What web performance means to car manufacturers
Together with our partner, Computerworld, this month we will be looking at performance benchmarks within the car manufacturing industry within the Czech Republic. This study will highlight the performance challenge experienced by the car industry.
The web performance race
ip-label measures this months showed that Skoda website is on average 2 times slower than Hyundai and 3 times slower than Toyota Peugeot Citroen. These results were calculated when accessing every website homepage 24/7 over a period of 3 weeks from a high speed internet connection located in Prague. How important is this difference in response time for the car manufacturer business line? Well… it might be … a lot!
Just like bank and insurance, the automotive industry is gradually undergoing its own digital transformation. When you think about Internet and the car, the first idea that’s coming to mind is the so called “connected car” i.e. a car where you are able to read emails or connect to Facebook even while (someone else is) driving. Apart from this iconic and well-known example, the Internet is also transforming many more things in the car industry and one of these is the way you are going to buy your next car.
As a recent Cap Gemini study points out, “the majority of consumers (97%) use the Internet for researching vehicle features, drivers’ satisfaction levels.” And the car manufacturer corporate website is one key place in this search for information: If the pages are lightening fast, chances are high that you will enjoy the experience more and thus spend more time comparing options and readings specs than if they are painfully slow. So yes, all in all, a fast website somehow means more car sales at the end of the year.
On your marks, get set, GO!
Benchmarking the top three Czech car makers’ websites, you realise that this idea still has some way to go. TPCA seems to care for the digital natives. It provides a very fast website whose homepage loads in 2,4 seconds. Hyundai online presence is also rather good at 4,3 s on average. However, if you look better, some days are not as good as others with performance sometimes as slow as 5 or even 10 secs. Finally, with an average of 8,1 secs Skoda is more than three times slower than TPCA. So the Czech national Champion could do better with its online presence. Why is it so?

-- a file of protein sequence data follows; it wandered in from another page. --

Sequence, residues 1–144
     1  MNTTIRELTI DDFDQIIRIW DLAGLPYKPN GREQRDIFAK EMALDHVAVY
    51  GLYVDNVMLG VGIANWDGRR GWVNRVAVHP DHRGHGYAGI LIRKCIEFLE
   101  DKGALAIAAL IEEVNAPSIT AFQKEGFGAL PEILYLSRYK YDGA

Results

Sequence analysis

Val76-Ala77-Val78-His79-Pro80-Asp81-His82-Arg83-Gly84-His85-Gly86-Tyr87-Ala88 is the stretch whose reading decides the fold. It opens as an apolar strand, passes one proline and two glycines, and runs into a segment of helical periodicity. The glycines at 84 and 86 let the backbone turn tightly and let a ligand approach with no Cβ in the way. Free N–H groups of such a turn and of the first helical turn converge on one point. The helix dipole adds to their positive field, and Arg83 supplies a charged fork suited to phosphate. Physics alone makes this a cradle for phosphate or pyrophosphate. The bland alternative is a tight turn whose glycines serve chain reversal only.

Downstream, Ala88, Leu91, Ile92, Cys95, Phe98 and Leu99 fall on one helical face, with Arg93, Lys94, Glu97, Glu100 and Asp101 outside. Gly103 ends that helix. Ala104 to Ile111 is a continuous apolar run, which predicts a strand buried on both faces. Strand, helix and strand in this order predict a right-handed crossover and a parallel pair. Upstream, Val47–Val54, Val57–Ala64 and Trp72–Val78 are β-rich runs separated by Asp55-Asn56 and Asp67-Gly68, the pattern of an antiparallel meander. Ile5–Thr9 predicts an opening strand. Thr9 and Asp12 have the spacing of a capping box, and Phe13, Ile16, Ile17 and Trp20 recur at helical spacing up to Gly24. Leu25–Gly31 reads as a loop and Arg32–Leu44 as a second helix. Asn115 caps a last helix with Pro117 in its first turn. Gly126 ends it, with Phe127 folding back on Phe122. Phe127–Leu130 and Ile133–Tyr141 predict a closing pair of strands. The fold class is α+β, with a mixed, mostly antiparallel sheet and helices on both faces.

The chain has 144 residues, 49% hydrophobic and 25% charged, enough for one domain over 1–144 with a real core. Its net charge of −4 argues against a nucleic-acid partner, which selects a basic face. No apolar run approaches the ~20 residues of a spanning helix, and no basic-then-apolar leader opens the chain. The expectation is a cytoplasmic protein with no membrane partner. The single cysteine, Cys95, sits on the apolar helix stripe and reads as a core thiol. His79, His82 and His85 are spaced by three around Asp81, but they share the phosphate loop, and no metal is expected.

A first part of the answer is Skoda bigger homepage: You need to display 5 to 7 Mb for Skoda when TPCA and Hyundai just requires you to load between 1 and 3 Mb. Having a streamlined front end would certainly help it to display faster.
That’s just a part of the answer … For a few years now, Google and Yahoo have largely shared with the community their internal web optimisation techniques. Browser compression and caching can strongly improve any page performance. These techniques would greatly improve the Plzen giant homepage response times. For instance, there are more than 50 objects/requests that could be stored by the user browser and would only be loaded once per user and not once per visit … So next to reducing page size, it is equally beneficial to fully draw advantage of available browser techniques.
Can we quantify potential benefits of optimising page performance in revenue terms? Various studies show that a 1 sec delay leads to 7% in conversion for an (e-commerce) website. In the present case, optimisation could generate up to 20% more pages views for some of the studied websites. It would be sad not to give it a try…even more so when you know that it usually can be achieved without any additional cost…
- Cap Gemini, « Cars Online, Generation Connected 2014”, May 2014, Cap Gemini http://www.se.capgemini.com/sites/default/files/05_14_pr_cars_online_2014_0.pdf
- Simic, Bojan, “The Performance of Web Applications: Customers Are Won or Lost in One Second” November 2008, Aberdeen Group
Article published in partnership with http://computerworld.cz/